4-29-14 – Obama’s XL Pipedream

By John J. Metzler

The EAI blog welcomes a new writer! John J. Metzler is a United Nations correspondent covering diplomatic and defense issues.  He is the author of Transatlantic Divide USA/Euroland Rift?

We look forward to posting his work regularly.

UNITED NATIONS—There’s an old Washington adage that, if there’s bad news or no news,  announce it late on a Friday afternoon.  And if that afternoon happens to be Good Friday, you are assured virtually no one will notice. This was the game plan for the Obama Administration’s yet again stalling a decision on the Keystone XL pipeline from Canada.

For an Administration who rightly presses for energy independence from vulnerable and far off foreign suppliers, Canada’s trans-border XL Keystone pipeline would seem like a slam-dunk solution.  Not only would the USA have access to 800,000 additional barrels of oil daily, but building the pipeline would create over 40,000 new construction jobs.  Creating high paying hardhat jobs has won favor with trade unions on both sides of the border.

But wait, that’s the logical answer.  Though common sense and political ideology often clash in Washington, the saga of the XL Pipeline proves that despite public sentiments and commercial logic, the environmental lobby still holds the key to Keystone.   And thus, President Obama, with already low approval ratings and faced with a possible political rout in the November Congressional elections, plays  the wavering Hamlet, in stalling the decision making process.

Officially the Keystone latest speed bump comes from the U.S. State Department’s “National Interest Determination Review,” which allows for more study of the project.   Despite a favorable environmental impact assessment by the State Department concerning the cross border project, Foggy Bottom has allowed for yet another delay to await the outcome of court cases over the route going through Nebraska.

The latest delay has caused the predictable anguish ranging from Transcanada’s CEO as “inexplicable” to quiet consternation in Stephen Harper’s government  in Ottawa who has long pushed for this trans-border win-win option.

When operational, the Keystone pipeline will send 800,000 barrels of petroleum daily from Alberta’s oil sands to U.S. Gulf ports.  Yet for nearly six years, the pipeline has been mired in controversy since the route crosses a number of American states, and theoretically could cause oil leaks or spills.

But some oil is already flowing; carried by truck and train routes which have already had many accidents. Moreover, the “carbon footprint” of heavy truck traffic on interstates or tanker trains is obviously higher than an underground steel pipeline.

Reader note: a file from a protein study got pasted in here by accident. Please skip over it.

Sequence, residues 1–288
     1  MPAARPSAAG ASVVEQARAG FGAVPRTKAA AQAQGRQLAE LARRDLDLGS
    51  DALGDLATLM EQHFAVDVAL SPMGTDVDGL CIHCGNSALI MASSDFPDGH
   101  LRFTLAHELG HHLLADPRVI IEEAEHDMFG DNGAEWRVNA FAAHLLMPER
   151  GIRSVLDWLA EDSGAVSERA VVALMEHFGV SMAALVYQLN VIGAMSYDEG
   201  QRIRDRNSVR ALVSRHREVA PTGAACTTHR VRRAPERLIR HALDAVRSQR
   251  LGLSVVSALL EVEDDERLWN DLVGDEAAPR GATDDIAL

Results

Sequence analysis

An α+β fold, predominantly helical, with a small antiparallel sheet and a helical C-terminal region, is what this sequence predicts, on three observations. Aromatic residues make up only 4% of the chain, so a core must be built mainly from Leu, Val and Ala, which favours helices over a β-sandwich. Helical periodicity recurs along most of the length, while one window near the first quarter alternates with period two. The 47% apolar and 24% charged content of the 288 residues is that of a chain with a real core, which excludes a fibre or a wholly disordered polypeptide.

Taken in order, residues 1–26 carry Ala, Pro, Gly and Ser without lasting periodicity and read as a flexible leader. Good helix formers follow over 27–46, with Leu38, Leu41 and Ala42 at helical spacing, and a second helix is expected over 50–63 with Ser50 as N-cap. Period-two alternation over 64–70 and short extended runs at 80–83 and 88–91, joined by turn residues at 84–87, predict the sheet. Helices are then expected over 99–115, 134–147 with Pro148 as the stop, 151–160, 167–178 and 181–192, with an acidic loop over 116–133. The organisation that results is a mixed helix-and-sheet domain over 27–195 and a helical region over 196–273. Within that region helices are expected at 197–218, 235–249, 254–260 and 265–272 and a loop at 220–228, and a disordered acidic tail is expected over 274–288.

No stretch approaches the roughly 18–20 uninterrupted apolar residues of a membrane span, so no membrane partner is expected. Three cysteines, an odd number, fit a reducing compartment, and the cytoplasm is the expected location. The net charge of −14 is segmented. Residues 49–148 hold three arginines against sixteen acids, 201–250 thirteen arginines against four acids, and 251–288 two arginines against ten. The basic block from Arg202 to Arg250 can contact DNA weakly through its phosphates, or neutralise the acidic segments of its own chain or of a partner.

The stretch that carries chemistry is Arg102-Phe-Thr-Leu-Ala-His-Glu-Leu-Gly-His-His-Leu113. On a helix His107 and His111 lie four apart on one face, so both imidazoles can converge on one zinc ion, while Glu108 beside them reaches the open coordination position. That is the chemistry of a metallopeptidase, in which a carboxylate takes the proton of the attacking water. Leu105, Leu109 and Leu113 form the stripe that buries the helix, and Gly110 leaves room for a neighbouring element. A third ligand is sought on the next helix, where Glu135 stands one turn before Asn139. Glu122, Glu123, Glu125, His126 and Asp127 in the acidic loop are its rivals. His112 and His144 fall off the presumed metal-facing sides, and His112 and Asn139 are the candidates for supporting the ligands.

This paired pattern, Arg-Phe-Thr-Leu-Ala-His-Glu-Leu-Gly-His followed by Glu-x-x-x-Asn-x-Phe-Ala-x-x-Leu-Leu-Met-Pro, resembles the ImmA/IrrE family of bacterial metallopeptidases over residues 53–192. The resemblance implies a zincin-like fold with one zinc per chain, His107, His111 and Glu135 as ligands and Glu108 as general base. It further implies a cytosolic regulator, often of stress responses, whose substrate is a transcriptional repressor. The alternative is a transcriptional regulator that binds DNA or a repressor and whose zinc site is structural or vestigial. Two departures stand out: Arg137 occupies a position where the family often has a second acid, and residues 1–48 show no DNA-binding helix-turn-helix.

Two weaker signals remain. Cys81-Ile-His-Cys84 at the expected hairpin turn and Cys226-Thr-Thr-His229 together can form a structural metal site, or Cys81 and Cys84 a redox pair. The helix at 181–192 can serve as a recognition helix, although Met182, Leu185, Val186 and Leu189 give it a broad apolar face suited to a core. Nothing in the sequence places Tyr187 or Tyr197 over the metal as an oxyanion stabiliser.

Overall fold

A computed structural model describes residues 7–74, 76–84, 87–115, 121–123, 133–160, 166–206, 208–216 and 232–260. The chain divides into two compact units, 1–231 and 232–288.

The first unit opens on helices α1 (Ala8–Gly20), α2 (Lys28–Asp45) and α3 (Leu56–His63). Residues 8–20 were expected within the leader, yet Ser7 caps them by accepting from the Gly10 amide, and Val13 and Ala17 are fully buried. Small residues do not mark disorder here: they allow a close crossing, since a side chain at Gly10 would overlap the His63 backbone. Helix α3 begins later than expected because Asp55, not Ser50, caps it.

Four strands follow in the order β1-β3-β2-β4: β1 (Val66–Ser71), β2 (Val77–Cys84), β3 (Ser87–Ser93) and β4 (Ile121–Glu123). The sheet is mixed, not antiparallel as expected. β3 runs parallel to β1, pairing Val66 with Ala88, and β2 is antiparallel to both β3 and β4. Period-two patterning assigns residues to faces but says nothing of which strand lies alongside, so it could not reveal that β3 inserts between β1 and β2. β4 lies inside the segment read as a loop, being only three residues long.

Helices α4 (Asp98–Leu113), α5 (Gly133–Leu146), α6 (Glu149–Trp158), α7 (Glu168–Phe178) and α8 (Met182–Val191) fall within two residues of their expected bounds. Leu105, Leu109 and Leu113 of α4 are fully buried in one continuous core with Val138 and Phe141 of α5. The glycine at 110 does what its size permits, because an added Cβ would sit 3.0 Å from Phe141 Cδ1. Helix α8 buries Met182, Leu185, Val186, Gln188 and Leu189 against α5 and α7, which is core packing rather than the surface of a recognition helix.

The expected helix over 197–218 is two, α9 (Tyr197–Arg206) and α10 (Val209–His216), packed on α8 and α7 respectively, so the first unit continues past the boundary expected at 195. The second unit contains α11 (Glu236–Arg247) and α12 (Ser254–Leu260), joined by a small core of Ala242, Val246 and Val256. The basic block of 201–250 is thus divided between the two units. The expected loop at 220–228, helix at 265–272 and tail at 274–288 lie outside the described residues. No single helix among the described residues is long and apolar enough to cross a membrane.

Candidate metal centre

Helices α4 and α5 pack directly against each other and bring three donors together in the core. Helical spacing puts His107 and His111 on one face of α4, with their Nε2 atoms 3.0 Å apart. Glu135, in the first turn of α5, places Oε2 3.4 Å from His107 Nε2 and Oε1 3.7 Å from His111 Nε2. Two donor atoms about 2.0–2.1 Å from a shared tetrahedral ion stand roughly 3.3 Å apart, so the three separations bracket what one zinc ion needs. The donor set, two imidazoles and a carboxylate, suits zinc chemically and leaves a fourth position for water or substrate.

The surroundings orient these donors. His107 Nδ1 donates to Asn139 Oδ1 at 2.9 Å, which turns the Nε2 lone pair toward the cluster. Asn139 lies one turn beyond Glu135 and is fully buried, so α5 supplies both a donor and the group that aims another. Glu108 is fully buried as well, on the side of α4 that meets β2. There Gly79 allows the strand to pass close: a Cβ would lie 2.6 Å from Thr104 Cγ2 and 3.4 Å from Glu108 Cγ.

Canadian Ambassador Gary Doer puts it succinctly, the pipeline is the “cleanest, safest way to proceed. “

There’s bipartisan support for the Keystone XL including both Republicans and a number of frustrated Midwestern and Southern Democrat Senators who see both the business benefits from the $6 billion pipeline as well as the electoral backlash from voters to the Obama Administration’s fastidious flip flopping.

“It’s absolutely ridiculous that this well over five year long process is continuing for an undetermined amount of time,” lamented Senator Heidi Heitkamp, D-ND.

Senator Mary Landrieu of Louisiana, Chair of the powerful Senate Energy Committee, and another Democrat facing a tough reelection campaign called  the delay, “Irresponsible, unnecessary and unacceptable.”

But here’s the dilemma.  While a recent poll by the Pew Research Center shows that most Americans (61% vs. 27%) favor the pipeline, and the commercial logic argues for this the new energy link, an politically influential environmental lobby has punted progress each and every step of the way.

Toronto’s influential National Post reported that the Keystone delays convinced  Canadian Prime Minister Stephen Harper that  “Mr. Obama was treating a  long presumed ‘special relationship’ between Canada and the U.S. …as a political football.”

Canada’s Finance Minister Joe Oliver added another dimension, “There’s a national security issue here because Canadian crude oil will be supplanting Venezuelan crude oil.  Let’s not forget that Venezuela threatened to cut off the United States five times in the previous five years.”

Given the upcoming U.S. Congressional elections, the Democratic party, despite likely  Midwestern setbacks, feels more comfortable embracing the lobby than giving Keystone a green light.

Senator Lisa Murkowski, R-Alaska was more direct calling the Keystone’s stall, “a stunning act of political cowardice.”  Indeed for the USA, ensuring a safe and secure energy supply from neighboring Canada is clearly in the national interest.

John J. Metzler is a United Nations correspondent covering diplomatic and defense issues.  He is the author of Transatlantic Divide USA/Euroland Rift?

{ 2 comments… read them below or add one }

Larry May 2, 2014 at 6:25 pm

You seem to not have researched this. The oil will be exported. The current pipeline has broken. It’s a bad deal for the environment and a bad deal for the US


john C May 2, 2014 at 9:09 pm

A pipeline is not worth the pile of eminent domain seizures heaped upon property owners.


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